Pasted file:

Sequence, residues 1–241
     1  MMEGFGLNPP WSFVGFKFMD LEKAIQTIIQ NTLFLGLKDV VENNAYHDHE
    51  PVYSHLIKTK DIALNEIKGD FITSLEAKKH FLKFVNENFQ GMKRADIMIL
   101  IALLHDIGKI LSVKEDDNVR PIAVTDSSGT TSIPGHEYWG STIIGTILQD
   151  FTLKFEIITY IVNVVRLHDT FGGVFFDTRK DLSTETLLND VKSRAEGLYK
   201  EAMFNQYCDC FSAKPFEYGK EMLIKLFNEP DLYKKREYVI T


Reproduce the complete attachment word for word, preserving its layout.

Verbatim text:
Sequence, residues 1–241
     1  MMEGFGLNPP WSFVGFKFMD LEKAIQTIIQ NTLFLGLKDV VENNAYHDHE
    51  PVYSHLIKTK DIALNEIKGD FITSLEAKKH FLKFVNENFQ GMKRADIMIL
   101  IALLHDIGKI LSVKEDDNVR PIAVTDSSGT TSIPGHEYWG STIIGTILQD
   151  FTLKFEIITY IVNVVRLHDT FGGVFFDTRK DLSTETLLND VKSRAEGLYK
   201  EAMFNQYCDC FSAKPFEYGK EMLIKLFNEP DLYKKREYVI T